This week, we continue our discussion on trade by examining the reserve currency issue.
What is the reserve currency?
When a country runs a trade surplus, it creates excess saving that must be either invested overseas or held as foreign reserves. If a gold standard is being used, the excess saving/foreign reserves can be held as gold (or other precious metals). In theory, reserve managers can hold just about any asset as foreign reserves. However, if the ultimate goal of generating saving is to build the productive capacity of the economy, then the best foreign reserve assets should be safe and easily convertible, with broad acceptability in markets.
Here is an example we often use to describe why the reserve currency is important. Imagine that a chocolatier in Paraguay wants to purchase a ton of cocoa beans. He calls a dealer in Côte d’Ivoire for a price; the seller offers $1,800 per ton. The buyer in Paraguay notes he does not have U.S. dollars but does have Paraguayan guaraní. The seller does not want the Paraguayan currency because it would limit his purchases to Paraguay because the guaraní isn’t widely accepted. The seller in Côte d’Ivoire would be able to buy a wider variety of goods (or have wider avenues for investment) from selling cocoa if he receives U.S. dollars instead.
So, how does the chocolatier in Paraguay get dollars? The most efficient way would be to export chocolate to a U.S. buyer, then use the dollars he receives to buy cocoa beans from Côte d’Ivoire. Because the reserve currency has widespread acceptance, non-reserve currency nations have an incentive to run trade surpluses with the reserve currency nation to accumulate the reserve currency, which allows them to pay for imports from around the world.
Is the reserve currency a global public good?
Economists define a public good as a product or service that must be provided by governments because the private market won’t provide the good, or will provide the good in less than optimal amounts. There are seven public goods a reserve currency nation should provide:
1. Act as a consumer (importer) of last resort;
2. Coordinate global macroeconomic policies;
3. Support a stable system of exchange rates;
4. Act as lender of last resort;
5. Provide counter-cyclical long-term lending;
6. Provide a truly riskless AAA asset for benchmarking purposes; and
7. Supply deep and predictable financial markets.
Charles Kindleberger, the famous economist who studied asset bubbles, identified the first five, and Mohamad El-Erian, the chief economic adviser at Allianz, added the last two.
The Bank for International Settlements (BIS) reports that more than 80% of trade-related letters of credit are denominated in U.S. dollars, significantly more than the second most used reserve currency, the euro, at 10%.1 That means most global trade is conducted in dollars between nations other than the U.S. Essentially, the reserve currency nation must run constant trade and current account deficits in order to provide liquidity for global trade. Thus, the U.S. doesn’t run trade deficits because we purposely “under-save” as noted earlier. Strictly speaking, as the saving identity shows, we do undersave but the reason for this activity is really the issue. It may be due to domestic policy but it can also be forced upon the U.S. by the actions of foreign trade policy.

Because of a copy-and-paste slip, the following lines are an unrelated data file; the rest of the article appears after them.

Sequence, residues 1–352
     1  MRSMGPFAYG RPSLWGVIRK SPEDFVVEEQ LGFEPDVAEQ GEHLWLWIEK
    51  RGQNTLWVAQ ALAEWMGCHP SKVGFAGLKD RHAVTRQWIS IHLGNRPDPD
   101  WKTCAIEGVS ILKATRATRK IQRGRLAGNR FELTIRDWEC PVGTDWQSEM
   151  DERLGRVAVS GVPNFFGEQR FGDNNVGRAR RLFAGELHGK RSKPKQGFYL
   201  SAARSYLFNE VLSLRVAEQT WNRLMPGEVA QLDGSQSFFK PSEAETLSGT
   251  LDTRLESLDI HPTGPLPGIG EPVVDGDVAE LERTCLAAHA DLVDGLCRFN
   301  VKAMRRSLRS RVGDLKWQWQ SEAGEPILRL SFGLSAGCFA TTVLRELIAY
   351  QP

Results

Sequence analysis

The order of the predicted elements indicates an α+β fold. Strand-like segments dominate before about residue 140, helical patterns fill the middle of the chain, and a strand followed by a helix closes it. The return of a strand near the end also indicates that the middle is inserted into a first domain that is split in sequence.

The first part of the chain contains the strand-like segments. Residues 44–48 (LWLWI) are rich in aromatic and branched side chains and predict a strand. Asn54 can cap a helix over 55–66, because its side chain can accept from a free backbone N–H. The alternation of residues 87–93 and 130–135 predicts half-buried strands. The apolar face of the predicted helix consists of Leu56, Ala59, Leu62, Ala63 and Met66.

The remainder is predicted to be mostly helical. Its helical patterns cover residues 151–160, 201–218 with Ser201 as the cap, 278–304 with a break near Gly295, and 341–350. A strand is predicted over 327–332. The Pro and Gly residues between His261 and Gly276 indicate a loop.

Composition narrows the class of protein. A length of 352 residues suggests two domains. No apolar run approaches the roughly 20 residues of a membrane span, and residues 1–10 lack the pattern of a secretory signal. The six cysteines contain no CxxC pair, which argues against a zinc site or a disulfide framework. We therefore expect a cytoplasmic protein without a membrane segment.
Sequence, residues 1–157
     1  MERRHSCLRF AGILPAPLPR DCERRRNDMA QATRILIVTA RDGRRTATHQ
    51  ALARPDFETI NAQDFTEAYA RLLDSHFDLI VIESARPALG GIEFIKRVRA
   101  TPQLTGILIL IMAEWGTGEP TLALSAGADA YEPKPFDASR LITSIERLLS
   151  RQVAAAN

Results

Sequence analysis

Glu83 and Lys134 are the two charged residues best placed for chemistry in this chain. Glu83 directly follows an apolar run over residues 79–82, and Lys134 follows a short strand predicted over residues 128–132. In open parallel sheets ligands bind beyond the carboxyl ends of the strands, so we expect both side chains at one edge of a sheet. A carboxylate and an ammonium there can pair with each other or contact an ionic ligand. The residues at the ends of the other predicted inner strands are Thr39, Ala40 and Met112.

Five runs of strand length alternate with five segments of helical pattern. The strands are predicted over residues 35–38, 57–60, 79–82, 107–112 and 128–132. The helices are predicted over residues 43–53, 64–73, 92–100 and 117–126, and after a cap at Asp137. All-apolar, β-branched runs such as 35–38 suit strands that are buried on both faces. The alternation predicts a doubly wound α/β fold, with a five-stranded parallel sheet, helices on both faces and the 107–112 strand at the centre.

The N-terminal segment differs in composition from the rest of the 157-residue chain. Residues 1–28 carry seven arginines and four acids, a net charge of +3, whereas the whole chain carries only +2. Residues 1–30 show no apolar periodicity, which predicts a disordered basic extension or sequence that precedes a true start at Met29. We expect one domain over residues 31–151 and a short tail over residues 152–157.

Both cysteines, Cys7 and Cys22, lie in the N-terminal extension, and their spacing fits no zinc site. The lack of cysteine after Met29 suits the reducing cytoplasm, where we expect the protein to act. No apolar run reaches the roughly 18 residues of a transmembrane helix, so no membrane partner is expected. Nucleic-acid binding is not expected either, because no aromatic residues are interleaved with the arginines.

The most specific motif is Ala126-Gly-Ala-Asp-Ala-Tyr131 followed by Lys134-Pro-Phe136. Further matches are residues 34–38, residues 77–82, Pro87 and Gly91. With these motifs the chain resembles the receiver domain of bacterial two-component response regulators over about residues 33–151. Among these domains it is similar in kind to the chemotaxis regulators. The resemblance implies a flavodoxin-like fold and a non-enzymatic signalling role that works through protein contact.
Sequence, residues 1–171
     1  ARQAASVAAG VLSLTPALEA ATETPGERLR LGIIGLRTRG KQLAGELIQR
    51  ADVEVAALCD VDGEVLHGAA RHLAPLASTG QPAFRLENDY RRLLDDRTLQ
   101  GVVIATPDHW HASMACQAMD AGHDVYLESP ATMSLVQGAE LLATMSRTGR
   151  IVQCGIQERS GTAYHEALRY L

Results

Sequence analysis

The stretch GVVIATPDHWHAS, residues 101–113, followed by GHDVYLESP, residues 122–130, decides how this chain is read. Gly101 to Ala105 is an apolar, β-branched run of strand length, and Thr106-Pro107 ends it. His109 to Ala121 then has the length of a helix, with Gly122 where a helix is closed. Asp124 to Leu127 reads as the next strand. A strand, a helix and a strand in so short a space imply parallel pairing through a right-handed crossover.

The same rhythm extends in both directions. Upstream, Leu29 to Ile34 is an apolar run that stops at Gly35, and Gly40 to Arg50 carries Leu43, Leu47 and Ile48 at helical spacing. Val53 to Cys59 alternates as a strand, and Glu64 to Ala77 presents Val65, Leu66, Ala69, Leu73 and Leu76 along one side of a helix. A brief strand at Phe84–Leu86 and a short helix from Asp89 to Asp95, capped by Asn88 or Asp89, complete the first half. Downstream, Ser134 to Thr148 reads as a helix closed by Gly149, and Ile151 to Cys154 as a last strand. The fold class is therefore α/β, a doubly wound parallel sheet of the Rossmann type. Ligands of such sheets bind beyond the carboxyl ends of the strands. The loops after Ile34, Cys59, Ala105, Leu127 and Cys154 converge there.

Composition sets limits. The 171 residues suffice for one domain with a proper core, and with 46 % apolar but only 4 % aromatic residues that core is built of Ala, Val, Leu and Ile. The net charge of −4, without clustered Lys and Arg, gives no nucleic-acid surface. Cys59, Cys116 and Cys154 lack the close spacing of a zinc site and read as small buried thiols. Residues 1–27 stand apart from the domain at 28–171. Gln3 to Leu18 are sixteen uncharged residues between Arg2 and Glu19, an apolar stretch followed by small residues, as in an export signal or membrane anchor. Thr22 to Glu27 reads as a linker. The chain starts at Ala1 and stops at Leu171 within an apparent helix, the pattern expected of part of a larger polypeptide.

Because of the reserve currency role, we believe the undersaving (in other words, the trade deficit) is mostly in response to foreign nations oversaving and moving that saving to the U.S. in the form of exports. If the U.S. were to run persistent trade surpluses, it would act as a form of global monetary tightening. In other words, by pulling dollars from world markets, the global trading system would face a contraction of available liquidity. If the reserve currency nation refuses to provide enough of its home currency to global markets, world trade is effectively reduced to barter, or counter-trade, meaning that nations can only engage in bilateral trade relations. Using the above example, the Paraguayan chocolatier can only acquire cocoa beans from Côte d’Ivoire if the seller there has something specific he would like to “swap” from Paraguay. Simply put, global trade would fall sharply if a reserve currency is unavailable.
How does the reserve currency factor into trade?
When a nation runs a trade surplus it accumulates foreign currency. In the era of the gold standard, the exporter could be paid in gold. As we noted in Part I, David Hume generally proved that accumulating gold eventually would lead to higher inflation and lead to a reversal in the trade imbalance.
A serious drawback with the gold standard was that the global money supply depended upon the mining industry. If the global aggregate supply curve expands due to industrialization but the gold supply remains fixed, deflation is unavoidable. At the same time, however, it also acted as an automatic stabilizer for foreign trade flows. In other words, gold generally prevented a nation from running persistent trade deficits or surpluses as shown by Hume.